In the early summer of 1963, having just completed the fifth grade, I began an epic process of building a new tree fort in the tall, towering maple tree in the backyard of the old Mabey Homestead. I was 10 years old and filled with bursting energy and creative ideas of how I wanted my tree fort to look. I remember, before falling asleep at night that I would draw sketches of plans of how I would engineer the building of my tree fort.
I was determined to have the single best tree fort in my neighborhood. This was a high goal for a kid to set for himself, because in my old neighborhood that ran along Route 202 among the foothills of the famous Hook Mountain, there were dozens of tree forts. The woods were loaded with tree forts that kids had built. Plus, during that era, just about every kid had an elaborate tree fort in his backyard.
Not to brag, but my old tree fort was elaborate in every sense of the word. It had three full floorings to it. The floorings were built from wide and long boards that were a good four inches thick. The floor boards were attached to the thick limbs of the dear old maple with strong nails. The holding of the boards to the tree’s outstretched arms were then reinforced with extensive lashings.
It’s important to note that this tree fort was not built in one day, in fact it wasn’t even built in one summer. My old tree fort was always a work in progress that extended from the summer of 1963 and went on through the summer of 1967. In June of 1967, I graduated from the eighth grade and I have to admit that while some minor additions were put onto my old tree fort, little work was really done on it during that summer.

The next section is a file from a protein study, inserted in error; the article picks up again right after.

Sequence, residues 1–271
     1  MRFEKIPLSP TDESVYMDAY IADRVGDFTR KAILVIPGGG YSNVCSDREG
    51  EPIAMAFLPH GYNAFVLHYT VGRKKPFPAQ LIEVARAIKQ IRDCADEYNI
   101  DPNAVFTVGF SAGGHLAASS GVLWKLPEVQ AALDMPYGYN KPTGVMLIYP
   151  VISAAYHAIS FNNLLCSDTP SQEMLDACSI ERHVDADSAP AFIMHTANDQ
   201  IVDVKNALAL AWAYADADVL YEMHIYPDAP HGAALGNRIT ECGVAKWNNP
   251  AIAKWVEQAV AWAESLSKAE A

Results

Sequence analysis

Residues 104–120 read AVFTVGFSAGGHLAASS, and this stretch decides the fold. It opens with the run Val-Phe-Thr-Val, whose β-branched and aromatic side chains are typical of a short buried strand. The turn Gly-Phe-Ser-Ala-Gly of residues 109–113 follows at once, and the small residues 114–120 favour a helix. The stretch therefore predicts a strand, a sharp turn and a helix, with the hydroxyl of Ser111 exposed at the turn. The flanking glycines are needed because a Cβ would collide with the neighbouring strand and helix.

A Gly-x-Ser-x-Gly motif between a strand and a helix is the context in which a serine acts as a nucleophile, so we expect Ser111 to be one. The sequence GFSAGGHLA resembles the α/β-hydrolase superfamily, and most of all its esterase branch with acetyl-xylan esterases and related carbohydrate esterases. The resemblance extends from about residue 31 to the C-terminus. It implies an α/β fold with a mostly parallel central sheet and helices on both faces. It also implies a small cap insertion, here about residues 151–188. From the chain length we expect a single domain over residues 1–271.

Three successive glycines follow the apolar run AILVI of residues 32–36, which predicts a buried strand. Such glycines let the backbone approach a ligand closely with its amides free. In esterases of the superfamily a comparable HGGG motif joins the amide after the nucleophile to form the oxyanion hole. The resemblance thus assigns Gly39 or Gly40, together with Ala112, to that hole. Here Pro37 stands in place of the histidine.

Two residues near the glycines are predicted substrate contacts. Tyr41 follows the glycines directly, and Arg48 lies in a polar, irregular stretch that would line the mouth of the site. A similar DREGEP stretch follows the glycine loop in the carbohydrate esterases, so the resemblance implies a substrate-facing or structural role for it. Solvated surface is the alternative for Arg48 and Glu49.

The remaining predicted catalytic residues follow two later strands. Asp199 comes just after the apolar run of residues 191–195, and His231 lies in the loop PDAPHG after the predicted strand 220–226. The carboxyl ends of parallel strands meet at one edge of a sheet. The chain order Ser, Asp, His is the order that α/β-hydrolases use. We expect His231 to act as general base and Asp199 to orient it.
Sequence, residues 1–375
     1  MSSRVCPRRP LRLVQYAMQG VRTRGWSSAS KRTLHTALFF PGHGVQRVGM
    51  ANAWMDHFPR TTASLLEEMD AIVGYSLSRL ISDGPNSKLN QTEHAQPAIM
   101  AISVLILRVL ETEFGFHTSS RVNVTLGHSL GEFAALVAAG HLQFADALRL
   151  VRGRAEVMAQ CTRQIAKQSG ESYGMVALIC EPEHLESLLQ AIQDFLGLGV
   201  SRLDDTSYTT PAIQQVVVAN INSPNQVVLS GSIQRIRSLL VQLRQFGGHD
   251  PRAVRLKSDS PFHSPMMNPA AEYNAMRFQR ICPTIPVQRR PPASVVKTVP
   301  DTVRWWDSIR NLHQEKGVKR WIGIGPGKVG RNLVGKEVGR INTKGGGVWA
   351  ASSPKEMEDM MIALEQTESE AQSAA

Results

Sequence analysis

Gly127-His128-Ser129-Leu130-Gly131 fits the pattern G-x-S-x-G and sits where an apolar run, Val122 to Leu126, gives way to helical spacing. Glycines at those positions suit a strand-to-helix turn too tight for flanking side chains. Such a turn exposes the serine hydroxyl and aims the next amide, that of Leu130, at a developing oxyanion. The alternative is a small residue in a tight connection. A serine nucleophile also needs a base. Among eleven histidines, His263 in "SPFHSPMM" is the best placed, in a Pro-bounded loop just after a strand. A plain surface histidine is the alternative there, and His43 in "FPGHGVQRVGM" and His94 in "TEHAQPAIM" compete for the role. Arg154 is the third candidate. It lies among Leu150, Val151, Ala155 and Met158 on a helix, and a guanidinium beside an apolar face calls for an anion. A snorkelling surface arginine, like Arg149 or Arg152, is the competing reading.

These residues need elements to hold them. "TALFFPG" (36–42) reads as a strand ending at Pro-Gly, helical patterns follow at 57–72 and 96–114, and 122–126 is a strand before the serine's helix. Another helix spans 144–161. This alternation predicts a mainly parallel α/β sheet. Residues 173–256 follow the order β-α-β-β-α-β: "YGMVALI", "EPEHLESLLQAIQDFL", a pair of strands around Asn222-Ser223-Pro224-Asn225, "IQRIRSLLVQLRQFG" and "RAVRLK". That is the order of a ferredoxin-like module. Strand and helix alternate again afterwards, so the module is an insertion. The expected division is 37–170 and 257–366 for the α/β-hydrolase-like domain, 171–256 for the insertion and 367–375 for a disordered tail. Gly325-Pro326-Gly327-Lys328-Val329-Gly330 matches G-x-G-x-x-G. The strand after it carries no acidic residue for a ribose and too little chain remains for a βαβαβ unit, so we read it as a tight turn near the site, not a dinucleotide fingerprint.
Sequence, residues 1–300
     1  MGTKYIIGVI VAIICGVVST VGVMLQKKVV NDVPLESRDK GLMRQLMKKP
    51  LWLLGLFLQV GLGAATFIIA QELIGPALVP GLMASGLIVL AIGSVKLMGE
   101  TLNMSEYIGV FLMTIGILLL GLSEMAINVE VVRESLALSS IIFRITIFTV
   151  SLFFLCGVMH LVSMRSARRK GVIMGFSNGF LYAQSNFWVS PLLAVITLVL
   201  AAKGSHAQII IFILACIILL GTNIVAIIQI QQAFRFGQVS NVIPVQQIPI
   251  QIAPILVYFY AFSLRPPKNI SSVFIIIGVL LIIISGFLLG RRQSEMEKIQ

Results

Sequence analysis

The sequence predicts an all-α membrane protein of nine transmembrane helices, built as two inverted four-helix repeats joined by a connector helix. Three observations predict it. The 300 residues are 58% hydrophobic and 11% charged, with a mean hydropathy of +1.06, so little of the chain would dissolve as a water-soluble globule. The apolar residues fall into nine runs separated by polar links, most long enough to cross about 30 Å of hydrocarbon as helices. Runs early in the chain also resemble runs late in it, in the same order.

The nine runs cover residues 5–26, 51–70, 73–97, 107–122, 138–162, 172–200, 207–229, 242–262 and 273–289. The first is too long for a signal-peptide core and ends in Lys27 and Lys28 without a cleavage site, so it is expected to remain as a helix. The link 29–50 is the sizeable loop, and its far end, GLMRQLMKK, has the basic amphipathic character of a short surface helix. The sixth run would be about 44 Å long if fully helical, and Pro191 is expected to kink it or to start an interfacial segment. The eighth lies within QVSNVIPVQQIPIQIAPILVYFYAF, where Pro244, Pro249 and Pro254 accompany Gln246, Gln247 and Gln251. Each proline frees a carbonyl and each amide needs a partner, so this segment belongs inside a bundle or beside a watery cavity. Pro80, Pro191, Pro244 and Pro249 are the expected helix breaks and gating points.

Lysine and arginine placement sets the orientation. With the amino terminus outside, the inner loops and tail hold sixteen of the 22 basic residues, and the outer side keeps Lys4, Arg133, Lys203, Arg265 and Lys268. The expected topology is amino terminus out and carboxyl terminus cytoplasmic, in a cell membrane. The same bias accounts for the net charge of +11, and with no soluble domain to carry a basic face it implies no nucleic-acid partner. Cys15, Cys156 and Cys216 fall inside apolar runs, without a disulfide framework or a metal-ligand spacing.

My dad helped me a lot in building my old tree fort. Also, my old buddy Stu was a big help. It was truly a labor of love.
My old tree fort remained intact until the summer after my freshman year of college. The boards were beginning to wear, some were even showing signs of rotting. They were no longer held firmly onto the thick branches of the dear old maple tree. So, it was in the early summer of 1972 that I took down my old tree fort. I hope that you don’t think I’m a big wimp, but I remember that I actually cried at one point while I was disassembling the planking of my old tree fort.
In many ways it was a catharsis of sorts. I had just broken up with my beloved girlfriend, Penny, in June of 1972. I had just finished my first year of college. It was just a few weeks after we broke up that I took down my old tree fort. It gave me a place of solace and solitude, one final time.
I climbed the rope ladder to my old tree fort in the morning of that summer’s day in mid-June of 1972 as a boy groping with a wounded heart. I worked and worked all day, carefully disassembling my old tree fort, so that the thick planks of wind-weathered wood could be used again. And, I climbed down the rope ladder, as a young man with a broken heart but a heart filled with dreams and ambitions to take on the world.
I don’t know if kids still build tree forts any more. In the past decade, I’ve lived in North Jersey, Central Pennsylvania and now Central Florida. Sadly, I don’t think that I’ve seen even a dozen backyard tree forts in my travels. As Bob Dylan sang to us all those years ago, “these times are a changing!”
Peace, love and harmony, Richard